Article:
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Because potassium plays a buffering role in your blood, it helps keep the bone-strengthening minerals, calcium and phosphorus, from being lost from the bones and kidneys. Numerous studies suggest that having plenty of potassium in your diet helps increase the density, and thus the strength, of your bones.
While the current recommendation is for healthy Americans to consume 4,700 milligrams of potassium daily, males are consuming only 3,200 milligrams daily, whereas females fall even shorter, consuming only 2,400 milligrams a day, on average. The good news is that potassium is found in a variety of foods, with vegetables, fruits, low fat dairy foods, and legumes (dried peas and beans).
Potassium helps maintain a healthy acid-alkaline balance in the body, leading to reduced calcium excretion. In a 2005 study in the American Journal of Clinical Nutrition, British researchers found that perimenopausal women (those in the several years preceding menopause) with the highest potassium intake had 8 percent greater bone-mineral density than those with the lowest intake. The researchers projected that if the women maintained their high intake into old age, they could lower their fracture risk by 30 percent.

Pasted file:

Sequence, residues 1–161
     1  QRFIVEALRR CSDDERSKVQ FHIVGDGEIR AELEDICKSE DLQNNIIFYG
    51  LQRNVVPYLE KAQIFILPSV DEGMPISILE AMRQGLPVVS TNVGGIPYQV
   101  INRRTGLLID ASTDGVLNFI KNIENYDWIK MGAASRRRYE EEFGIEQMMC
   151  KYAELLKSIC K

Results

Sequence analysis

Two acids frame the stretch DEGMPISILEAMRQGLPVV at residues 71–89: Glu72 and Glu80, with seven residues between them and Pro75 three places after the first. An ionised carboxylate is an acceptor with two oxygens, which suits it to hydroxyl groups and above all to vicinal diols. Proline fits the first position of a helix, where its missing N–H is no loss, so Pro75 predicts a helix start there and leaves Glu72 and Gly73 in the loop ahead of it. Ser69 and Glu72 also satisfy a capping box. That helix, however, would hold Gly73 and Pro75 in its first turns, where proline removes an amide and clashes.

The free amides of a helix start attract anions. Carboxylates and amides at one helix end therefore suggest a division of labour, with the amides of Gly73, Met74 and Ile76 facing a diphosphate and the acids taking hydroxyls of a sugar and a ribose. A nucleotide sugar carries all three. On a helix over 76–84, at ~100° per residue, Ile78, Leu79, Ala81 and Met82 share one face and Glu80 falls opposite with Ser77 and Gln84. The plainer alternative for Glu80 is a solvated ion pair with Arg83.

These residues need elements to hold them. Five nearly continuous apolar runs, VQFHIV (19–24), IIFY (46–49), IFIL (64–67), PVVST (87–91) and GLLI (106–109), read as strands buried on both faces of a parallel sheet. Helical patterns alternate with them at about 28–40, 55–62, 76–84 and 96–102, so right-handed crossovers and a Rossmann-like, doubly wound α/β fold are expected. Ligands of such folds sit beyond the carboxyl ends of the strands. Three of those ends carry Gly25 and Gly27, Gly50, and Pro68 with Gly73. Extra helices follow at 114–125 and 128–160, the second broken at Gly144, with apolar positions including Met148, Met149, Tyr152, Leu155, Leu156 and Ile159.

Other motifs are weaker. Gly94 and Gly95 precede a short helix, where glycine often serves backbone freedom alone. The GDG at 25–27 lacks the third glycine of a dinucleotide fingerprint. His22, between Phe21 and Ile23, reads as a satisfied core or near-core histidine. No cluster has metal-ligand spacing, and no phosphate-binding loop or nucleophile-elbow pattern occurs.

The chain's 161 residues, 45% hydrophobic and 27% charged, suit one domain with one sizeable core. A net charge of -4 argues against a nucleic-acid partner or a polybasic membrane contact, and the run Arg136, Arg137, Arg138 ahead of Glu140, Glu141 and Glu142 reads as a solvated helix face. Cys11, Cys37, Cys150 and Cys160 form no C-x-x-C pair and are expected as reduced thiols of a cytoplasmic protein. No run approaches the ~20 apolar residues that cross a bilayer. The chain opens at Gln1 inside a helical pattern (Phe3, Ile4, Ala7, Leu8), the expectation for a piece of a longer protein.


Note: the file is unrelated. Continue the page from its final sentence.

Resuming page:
Top potassium sources include bananas, spinach, broccoli, potatoes, kiwifruits and plantains.
Important: This content reflects information from various individuals and organizations and may offer alternative or opposing points of view. It should not be used for medical advice, diagnosis or treatment. As always, you should consult with your healthcare provider about your specific health needs.